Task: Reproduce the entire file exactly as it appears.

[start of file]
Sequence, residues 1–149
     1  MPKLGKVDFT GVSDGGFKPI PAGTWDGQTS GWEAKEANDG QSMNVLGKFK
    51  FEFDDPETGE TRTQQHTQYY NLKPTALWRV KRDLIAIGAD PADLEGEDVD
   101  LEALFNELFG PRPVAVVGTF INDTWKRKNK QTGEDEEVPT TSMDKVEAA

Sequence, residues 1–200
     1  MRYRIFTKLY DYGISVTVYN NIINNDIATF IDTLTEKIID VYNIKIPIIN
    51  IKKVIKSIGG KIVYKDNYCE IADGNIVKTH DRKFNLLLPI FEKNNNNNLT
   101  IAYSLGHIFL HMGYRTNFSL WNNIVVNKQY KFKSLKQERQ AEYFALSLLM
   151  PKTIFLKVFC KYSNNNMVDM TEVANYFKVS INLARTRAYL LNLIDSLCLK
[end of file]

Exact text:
Sequence, residues 1–149
     1  MPKLGKVDFT GVSDGGFKPI PAGTWDGQTS GWEAKEANDG QSMNVLGKFK
    51  FEFDDPETGE TRTQQHTQYY NLKPTALWRV KRDLIAIGAD PADLEGEDVD
   101  LEALFNELFG PRPVAVVGTF INDTWKRKNK QTGEDEEVPT TSMDKVEAA

Sequence, residues 1–200
     1  MRYRIFTKLY DYGISVTVYN NIINNDIATF IDTLTEKIID VYNIKIPIIN
    51  IKKVIKSIGG KIVYKDNYCE IADGNIVKTH DRKFNLLLPI FEKNNNNNLT
   101  IAYSLGHIFL HMGYRTNFSL WNNIVVNKQY KFKSLKQERQ AEYFALSLLM
   151  PKTIFLKVFC KYSNNNMVDM TEVANYFKVS INLARTRAYL LNLIDSLCLK